non-insulin-dependent diabetes is a diet that helps one maintain a normal weight and pays
particular attention to a proper balance of the different food groups. Many experts, including
those in the American Diabetes Association, recommend that 50–60% of daily calories come
from carbohydrates, 12–20% from protein, and no more than 30% from fat. Foods that are rich in
carbohydrates, like breads, cereals, fruits, and vegetables, break down into glucose during
digestion, causing blood glucose to rise. Additionally, studies have shown that cooked foods
raise blood glucose higher than raw, unpeeled foods. A doctor or nutritionist should always be
consulted for more of this kind of information and for help in planning a diet to offset the effects
of this form of diabetes.
1. According to the passage, what may be the most dangerous aspect of Type II diabetes?
a. Insulin shots are needed daily for treatment of Type II diabetes.
b. Type II diabetes may go undetected and, therefore, untreated.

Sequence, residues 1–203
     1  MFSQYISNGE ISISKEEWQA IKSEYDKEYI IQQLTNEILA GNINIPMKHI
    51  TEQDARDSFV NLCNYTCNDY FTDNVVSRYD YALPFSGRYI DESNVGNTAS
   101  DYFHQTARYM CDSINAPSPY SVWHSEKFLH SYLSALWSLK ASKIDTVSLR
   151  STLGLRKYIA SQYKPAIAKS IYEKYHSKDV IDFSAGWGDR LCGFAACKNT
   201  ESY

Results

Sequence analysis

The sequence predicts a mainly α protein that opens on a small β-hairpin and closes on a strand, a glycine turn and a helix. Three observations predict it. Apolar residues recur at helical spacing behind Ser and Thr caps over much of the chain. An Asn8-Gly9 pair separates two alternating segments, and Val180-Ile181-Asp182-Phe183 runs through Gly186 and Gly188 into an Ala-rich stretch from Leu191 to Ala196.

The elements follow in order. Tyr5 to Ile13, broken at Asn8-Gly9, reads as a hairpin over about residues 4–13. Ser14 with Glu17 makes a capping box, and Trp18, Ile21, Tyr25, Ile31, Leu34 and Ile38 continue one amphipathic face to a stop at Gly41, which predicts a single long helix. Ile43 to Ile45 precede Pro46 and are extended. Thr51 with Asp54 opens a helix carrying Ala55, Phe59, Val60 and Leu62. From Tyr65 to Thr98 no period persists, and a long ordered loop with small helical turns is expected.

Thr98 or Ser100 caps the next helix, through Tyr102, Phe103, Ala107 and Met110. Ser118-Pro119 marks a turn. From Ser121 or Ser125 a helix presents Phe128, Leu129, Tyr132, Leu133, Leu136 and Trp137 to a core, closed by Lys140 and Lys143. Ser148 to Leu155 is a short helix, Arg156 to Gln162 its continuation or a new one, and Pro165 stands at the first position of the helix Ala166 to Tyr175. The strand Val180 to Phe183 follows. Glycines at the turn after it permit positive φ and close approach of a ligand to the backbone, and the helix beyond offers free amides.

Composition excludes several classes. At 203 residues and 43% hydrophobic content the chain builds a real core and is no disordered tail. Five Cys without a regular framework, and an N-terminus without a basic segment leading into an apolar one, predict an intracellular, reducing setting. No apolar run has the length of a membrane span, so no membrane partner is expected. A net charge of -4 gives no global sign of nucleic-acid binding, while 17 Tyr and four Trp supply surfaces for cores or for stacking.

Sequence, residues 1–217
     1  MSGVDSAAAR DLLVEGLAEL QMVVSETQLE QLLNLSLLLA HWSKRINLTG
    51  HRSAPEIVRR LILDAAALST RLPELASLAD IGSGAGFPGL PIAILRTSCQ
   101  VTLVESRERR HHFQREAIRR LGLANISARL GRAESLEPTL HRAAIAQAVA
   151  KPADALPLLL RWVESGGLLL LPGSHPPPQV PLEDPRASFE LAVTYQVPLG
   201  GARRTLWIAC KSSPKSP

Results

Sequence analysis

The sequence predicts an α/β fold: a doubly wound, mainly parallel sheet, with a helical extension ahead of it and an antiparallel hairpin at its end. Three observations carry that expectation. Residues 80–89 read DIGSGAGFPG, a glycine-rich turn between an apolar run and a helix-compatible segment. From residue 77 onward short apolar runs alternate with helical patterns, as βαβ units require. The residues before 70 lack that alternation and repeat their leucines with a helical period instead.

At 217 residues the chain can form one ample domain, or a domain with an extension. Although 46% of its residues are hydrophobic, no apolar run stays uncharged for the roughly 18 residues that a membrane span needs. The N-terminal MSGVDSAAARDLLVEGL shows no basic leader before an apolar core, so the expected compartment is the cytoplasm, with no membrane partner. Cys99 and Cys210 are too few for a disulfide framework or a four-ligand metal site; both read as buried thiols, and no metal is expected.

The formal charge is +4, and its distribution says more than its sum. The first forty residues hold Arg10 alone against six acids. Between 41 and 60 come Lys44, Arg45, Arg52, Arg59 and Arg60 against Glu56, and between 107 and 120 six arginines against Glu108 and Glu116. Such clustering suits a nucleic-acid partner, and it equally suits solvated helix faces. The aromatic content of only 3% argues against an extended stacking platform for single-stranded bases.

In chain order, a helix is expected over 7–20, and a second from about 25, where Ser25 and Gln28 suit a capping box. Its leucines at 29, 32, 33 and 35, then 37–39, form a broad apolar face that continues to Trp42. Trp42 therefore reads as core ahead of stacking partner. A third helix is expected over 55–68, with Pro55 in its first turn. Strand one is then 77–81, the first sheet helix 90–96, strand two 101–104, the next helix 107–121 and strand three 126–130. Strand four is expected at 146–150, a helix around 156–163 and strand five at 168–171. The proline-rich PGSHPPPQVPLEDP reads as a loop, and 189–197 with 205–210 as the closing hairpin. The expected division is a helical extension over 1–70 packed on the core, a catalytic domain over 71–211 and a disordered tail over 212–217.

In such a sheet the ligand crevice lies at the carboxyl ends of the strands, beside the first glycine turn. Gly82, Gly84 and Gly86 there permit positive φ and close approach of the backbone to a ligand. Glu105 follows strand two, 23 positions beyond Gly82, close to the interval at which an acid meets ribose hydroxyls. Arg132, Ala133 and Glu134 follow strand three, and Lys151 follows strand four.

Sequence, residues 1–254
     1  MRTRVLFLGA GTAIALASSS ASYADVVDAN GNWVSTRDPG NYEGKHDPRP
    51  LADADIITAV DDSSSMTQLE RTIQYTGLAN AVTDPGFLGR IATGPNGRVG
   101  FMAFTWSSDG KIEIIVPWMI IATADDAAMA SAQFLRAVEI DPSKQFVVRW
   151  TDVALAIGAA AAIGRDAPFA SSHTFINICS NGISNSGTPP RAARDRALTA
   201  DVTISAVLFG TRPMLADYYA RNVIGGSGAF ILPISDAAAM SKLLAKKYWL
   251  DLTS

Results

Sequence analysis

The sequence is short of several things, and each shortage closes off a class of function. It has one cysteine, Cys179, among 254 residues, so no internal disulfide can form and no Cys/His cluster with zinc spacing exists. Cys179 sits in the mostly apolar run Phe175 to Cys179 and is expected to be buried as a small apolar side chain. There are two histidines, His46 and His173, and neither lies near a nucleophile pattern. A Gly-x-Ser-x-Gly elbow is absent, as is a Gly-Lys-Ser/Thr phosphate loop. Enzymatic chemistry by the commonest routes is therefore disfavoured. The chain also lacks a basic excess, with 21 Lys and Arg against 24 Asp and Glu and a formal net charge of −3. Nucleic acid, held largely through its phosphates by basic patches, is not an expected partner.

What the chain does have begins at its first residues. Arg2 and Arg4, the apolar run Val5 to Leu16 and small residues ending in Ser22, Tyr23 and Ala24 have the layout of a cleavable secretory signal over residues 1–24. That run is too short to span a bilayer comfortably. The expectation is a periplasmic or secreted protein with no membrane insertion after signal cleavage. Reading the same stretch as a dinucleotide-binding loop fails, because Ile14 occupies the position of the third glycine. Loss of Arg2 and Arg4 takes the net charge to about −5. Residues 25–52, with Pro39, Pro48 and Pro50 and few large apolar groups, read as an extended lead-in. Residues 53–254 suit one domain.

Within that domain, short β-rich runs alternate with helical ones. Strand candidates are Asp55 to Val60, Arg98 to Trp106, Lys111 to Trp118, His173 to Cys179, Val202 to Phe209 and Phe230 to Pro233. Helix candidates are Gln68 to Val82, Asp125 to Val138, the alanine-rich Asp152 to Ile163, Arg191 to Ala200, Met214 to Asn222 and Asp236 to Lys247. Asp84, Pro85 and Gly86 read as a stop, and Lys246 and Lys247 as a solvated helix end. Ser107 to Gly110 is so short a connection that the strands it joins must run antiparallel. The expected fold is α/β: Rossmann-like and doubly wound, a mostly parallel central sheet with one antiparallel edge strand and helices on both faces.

c. In Type II diabetes, the pancreas does not produce insulin.
d. Type II diabetes interferes with digestion.
2. Which of the following are the same for Type I and Type II diabetes?
a. treatments
b. long-term health risks
c. short-term effects
d. causes
3. A diet dominated by which of the following is recommended for non-insulin-dependent
a. protein
b. fat
c. carbohydrates
d. raw foods
4. Which of the following is the main function of insulin?
a. It signals tissues to metabolize sugar.
b. It breaks down food into glucose.
c. It carries glucose throughout the
d. It binds to receptors.
5. Which of the following is mentioned in the passage as a possible problem with insulin
receptors in insulin-resistant individuals?
a. Overeating causes the receptors to function improperly.
b. There may be an overabundance of receptors present.
c. A defect causes the receptors to bind with glucose.
d. A defect hinders the receptors from binding with insulin.
6. Based on the information in the passage, which of the following best describes people with
Type I diabetes?
a. They do not need to be treated with injections of insulin.
b. They comprise the majority of people with diabetes.
c. Their pancreases do not produce insulin.
d. They are usually diagnosed as adults.
7. Your uncle who has diabetes comes to stay with you for a week and you have to look after
him. Prepare a checklist of 4 items that you should check with respect to his diet and
medication to make sure that his condition doesn't become worse. (4 marks)